We actually have two of these big oak desks I found. One needed no work at all and is where I keep my computer for coloring, the other is this one in John's studio. All it needed was a new top so we used leftover linoleum from our kitchen floor. Bonus: linoleum is self healing so you can cut on it and it makes a great production table. Another note about linoleum - real linoleum - it is made from organic materials and does not outgas any petrochemicals. A lot of people think you can't get true linoleum anymore but you can. We got ours from Forbo - you should check them out.

These pieces needed almost no work.

This one is still in progress.
These are awaiting their "makeover"

Earth Day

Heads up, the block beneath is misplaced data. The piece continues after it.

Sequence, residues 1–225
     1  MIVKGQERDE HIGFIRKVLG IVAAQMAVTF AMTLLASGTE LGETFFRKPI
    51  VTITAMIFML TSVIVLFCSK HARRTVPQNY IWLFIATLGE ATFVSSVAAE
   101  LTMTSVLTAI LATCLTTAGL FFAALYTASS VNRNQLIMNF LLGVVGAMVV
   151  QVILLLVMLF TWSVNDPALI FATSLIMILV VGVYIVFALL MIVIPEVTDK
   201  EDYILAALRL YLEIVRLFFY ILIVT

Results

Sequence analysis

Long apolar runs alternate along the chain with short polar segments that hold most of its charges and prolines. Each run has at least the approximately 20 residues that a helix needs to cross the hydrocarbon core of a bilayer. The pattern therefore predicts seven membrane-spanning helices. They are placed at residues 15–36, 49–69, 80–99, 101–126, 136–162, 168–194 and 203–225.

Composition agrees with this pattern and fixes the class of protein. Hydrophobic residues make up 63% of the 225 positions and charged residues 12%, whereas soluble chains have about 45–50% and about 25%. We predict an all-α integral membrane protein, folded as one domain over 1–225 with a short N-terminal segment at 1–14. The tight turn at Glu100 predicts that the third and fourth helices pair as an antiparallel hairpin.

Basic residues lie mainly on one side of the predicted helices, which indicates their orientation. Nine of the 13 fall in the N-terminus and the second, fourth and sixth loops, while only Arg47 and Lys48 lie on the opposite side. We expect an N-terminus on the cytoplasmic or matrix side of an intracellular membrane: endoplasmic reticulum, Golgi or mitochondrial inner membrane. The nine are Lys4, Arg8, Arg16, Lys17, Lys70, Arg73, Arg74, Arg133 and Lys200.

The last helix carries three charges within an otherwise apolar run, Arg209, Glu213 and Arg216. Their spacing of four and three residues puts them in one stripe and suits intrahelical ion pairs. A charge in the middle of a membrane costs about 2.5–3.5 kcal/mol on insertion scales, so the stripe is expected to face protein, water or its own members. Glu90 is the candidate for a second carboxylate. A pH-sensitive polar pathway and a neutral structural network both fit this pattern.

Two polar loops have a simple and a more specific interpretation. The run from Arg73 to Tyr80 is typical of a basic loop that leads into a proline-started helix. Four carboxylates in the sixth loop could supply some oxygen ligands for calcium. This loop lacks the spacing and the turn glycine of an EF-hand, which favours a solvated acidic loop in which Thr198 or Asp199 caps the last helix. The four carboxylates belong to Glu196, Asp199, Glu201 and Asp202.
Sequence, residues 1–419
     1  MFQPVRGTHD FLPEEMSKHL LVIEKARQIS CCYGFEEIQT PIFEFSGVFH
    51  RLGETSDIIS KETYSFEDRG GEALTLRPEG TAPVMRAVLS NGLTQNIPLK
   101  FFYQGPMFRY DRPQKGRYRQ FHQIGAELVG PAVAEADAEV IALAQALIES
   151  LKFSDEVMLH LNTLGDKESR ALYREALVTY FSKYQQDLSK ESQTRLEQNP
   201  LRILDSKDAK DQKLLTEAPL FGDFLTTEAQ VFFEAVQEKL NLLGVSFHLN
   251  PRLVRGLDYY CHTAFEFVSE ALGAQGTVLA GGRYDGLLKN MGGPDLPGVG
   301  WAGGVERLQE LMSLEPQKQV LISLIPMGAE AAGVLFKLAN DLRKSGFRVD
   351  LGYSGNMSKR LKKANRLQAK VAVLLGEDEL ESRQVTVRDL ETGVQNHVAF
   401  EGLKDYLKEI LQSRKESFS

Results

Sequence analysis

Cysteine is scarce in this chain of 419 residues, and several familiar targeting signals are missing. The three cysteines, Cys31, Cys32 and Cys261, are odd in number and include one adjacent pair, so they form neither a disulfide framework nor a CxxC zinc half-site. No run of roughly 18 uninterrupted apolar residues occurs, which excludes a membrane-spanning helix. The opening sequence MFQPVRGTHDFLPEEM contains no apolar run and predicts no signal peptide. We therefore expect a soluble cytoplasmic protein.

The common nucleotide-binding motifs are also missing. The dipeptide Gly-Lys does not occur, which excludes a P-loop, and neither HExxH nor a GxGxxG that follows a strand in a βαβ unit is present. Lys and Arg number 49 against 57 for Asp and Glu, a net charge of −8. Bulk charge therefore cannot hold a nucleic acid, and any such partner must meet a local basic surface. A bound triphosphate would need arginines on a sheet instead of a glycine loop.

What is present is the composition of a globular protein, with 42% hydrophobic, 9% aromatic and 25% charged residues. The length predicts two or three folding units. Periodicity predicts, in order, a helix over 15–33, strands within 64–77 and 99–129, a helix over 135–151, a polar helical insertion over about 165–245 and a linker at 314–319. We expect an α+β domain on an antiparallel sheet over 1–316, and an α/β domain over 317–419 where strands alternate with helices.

Edison is proud to be one of 37 King Features comics to participate in Earth Day today by doing environmentally friendly strips. Earth Day strips are pretty easy for John because we have been practicing environmentalists for over 20 years and that theme shows up in the strips more often than not. But I would like to add a thought beyond just today and these strips. The media has been full of little Earth Day tips today of the "you can make a difference just by changing your lightbulbs and buying products made out of recycled materials" variety. I think that is a great place to start and Edison has offered such tips as well in the past, but it is probably time to move beyond strategies for simply coping with the environmentally unfriendly products we've already produced. These strategies cannot be effective if we don't change the production of all these plastics, pesticides, industrial chemicals, etc. We need to push for companies to be more environmentally responsible in the first place with better "take-back" policies and less chemically intense production practices. Whether you believe in consumer boycotts of companies that don't tow the environmental line, consumer support of environmentally responsible companies, or government regulation, please take a little time to think beyond just this one day and see what can be accomplished  if we work together. A cleaner, more sustainable planet is possible  and can only be good for everyone.